Gar Alperovitz, Hiroshima and Me: E-mail From the Great Historian

War Criminal Tibbets piloted the Enola Gay, named after his mother, that destroyed a city of non-combatants. These non-combatants and innocents did NOT bomb Pearl Harbor.

Today marks the sixty-eighth anniversary of the greatest war crime ever perpetrated with the atomic bombing of Hiroshima on August 6, 1945. This crime shall forever disgrace the historical legacy and notion of American exceptionalism. Despite liberal historiography and fawning “presidential historians,” this event secures President Harry Truman’s place in the pantheon of evil along side Hitler, Lyndon Johnson, Richard Nixon and in many ways, Stalin. While Patrick Dougherty at Saint Louis University and Howard Zinn at Boston University had the greatest impact on my formation as a historian, Gar Alperovitz’s revisionism of the decision to use the atomic bomb was a major event in my development as a historian and interest in the nuclear age. Dougherty in graduate school directed my master’s project on Massive Retaliation and it was Alperovitz’s writings that sealed the deal.

Japan’s Prime Minister Shinzo Abe lays a flower wreath on an altar for A-bomb victims in Hiroshima, on August 6, 2013 (Jiji Press/AFP)

I am reproducing some e-mail exchanges between Dr Alperovitz, Lionel R. Bauman Professor of Political Economy at the University of Maryland and co-founder of the Democracy Collaborative, and me that reveal his gracious interest in my work and my pride in his even responding to my e-mail. I gave a paper at the Midwest Political Science Association meeting at the Palmer House in Chicago that was later revised and published this past June. I also published an article in The Historian that utilized his scholarship as well as primary sources. The first dealt with realism and its surprising adaptability to Alperovitz’s writings. The other article explored the pro-A-bomb propaganda emanating from major world capitals on August 6, 1945 (US, UK, Canada).  Since Alperovitz more than any other historian revealed the genocidal, racist nature of the bomb and exploded the mythology of a million-casualty invasion and the need for the weapon to end the war, I thought on this solemn day of remembrance for the untold butchery inflicted on the innocent civilians of Hiroshima and later Nagasaki, I would publish the email.

From: Kirstein, Peter N. Sent: Wednesday, June 19, 2013 10:25 AM To: Gar Alperovitz Subject: RE: Article on Your Scholarship Has Appeared

Thank you, Dr Alperovitz:

If upon reading it you have any comments, I would be honoured to receive them.

Best wishes,


Peter N. Kirstein
Professor of History
Saint Xavier University
Vice President AAUP Illinois

From: Gar Alperovitz [] Sent: Wed 6/19/2013 9:44 AM To: Kirstein, Peter N. Subject: Re: Article on Your Scholarship Has Appeared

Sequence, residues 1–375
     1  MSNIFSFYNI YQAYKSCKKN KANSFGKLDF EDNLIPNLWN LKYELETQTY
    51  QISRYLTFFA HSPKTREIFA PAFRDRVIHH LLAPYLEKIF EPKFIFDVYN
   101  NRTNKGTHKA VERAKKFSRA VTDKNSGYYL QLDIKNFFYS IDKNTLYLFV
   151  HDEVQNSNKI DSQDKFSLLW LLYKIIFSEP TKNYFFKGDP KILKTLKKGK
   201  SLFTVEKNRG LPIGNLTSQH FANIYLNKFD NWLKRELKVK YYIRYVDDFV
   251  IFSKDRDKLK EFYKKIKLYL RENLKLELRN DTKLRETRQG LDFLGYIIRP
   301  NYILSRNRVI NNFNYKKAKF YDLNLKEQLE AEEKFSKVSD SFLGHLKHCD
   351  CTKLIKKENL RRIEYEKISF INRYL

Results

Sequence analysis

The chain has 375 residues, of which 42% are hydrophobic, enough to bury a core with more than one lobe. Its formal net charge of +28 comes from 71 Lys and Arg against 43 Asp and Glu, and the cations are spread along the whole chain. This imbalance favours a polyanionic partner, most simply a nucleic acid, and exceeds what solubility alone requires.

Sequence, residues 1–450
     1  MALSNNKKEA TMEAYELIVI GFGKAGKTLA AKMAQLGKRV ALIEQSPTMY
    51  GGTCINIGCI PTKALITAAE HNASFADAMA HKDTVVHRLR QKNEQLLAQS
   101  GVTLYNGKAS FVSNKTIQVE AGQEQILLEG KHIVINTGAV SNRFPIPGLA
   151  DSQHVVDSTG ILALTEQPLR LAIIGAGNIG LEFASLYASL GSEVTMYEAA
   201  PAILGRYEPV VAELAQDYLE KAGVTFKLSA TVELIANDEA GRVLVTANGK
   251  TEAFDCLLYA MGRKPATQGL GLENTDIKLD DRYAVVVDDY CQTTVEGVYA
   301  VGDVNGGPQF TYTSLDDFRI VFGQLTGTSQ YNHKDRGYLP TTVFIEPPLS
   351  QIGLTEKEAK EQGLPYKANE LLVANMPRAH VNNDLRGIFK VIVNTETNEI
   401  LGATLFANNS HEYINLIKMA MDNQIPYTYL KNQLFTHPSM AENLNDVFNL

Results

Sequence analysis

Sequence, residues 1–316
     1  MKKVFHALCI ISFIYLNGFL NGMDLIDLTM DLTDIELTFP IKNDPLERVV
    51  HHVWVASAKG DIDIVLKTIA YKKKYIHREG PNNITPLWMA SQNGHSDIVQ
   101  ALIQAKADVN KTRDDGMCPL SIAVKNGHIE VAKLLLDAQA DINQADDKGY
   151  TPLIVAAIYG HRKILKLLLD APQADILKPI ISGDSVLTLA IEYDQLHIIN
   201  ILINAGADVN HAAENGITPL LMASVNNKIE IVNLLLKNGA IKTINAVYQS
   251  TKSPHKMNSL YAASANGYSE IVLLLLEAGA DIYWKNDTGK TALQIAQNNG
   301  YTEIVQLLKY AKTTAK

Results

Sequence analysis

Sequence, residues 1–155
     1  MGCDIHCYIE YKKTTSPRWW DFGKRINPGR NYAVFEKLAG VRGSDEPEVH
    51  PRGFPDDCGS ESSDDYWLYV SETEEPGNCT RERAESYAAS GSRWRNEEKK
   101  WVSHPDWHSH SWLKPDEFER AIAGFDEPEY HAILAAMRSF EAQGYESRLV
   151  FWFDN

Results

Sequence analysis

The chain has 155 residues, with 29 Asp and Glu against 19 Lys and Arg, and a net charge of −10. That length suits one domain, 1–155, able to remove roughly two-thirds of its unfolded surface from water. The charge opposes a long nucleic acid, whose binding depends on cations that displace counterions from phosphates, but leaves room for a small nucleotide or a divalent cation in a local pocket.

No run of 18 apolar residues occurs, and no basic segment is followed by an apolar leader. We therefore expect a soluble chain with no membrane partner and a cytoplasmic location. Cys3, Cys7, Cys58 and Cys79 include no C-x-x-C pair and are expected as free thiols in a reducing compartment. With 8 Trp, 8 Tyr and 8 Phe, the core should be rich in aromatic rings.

Dear Professor Kirstein,

Your email came in as I was doing emails… Thank you for sending this; on a quick skim, the argument looks most interesting indeed.

Dealing directly with the realists is a new angle of attack, and I look forward to reading carefully.

Best wishes,

Gar Alperovitz

On Wed, Jun 19, 2013 at 9:57 AM, Kirstein, Peter N. <> wrote:

Dear Professor Alperovitz:
I have published an article titled that appeared in a new journal, Advances in Historical Studies.
I hope you enjoy reading it. It was originally presented as a conference paper at the Midwest Political Science Asso Mtg. in Chicago in 2012.

From: Gar Alperovitz [] Sent: Sun 8/7/2011 9:25 AM To: Kirstein, Peter N. Subject: Re: On Your Impact and Article

Thank you for this, and for your generous comments. I look forward reading it in near future, either on return or possibly while here.

Best wishes

Sent from my iPad

On Aug 7, 2011, at 9:05 AM, “Kirstein, Peter N.” <> wrote:
Dear Professor Alperovitz:
I first became aware of your inspiring work when I was a student of the late Howard Zinn at Boston U. Your analysis of the atomic bomb and its origins constitutes one of the more significant historical discoveries of our time. It was one of the reasons I became a historian.
Without being presumptuous I hope, you may be interested in an article, “Hiroshima and Spinning the Atom: America, Britain, and Canada Proclaim the Nuclear Age, 6 August 1945,” The Historian that cited your work. While I presume you would prefer to read it via PDF format, I did download it to my blog in less precise format:
I read your latest analysis in FireDogLake and per usual, it provided new revelations and understandings of this horrific event.
Best wishes,
Peter N. Kirstein
Professor of History
Saint Xavier University. Chicago
Vice President AAUP Illinois

— Gar Alperovitz Lionel R. Bauman Professor  Of Political Economy University of Maryland College Park, Maryland Twitter * Facebook * Subscribe to my newsletter

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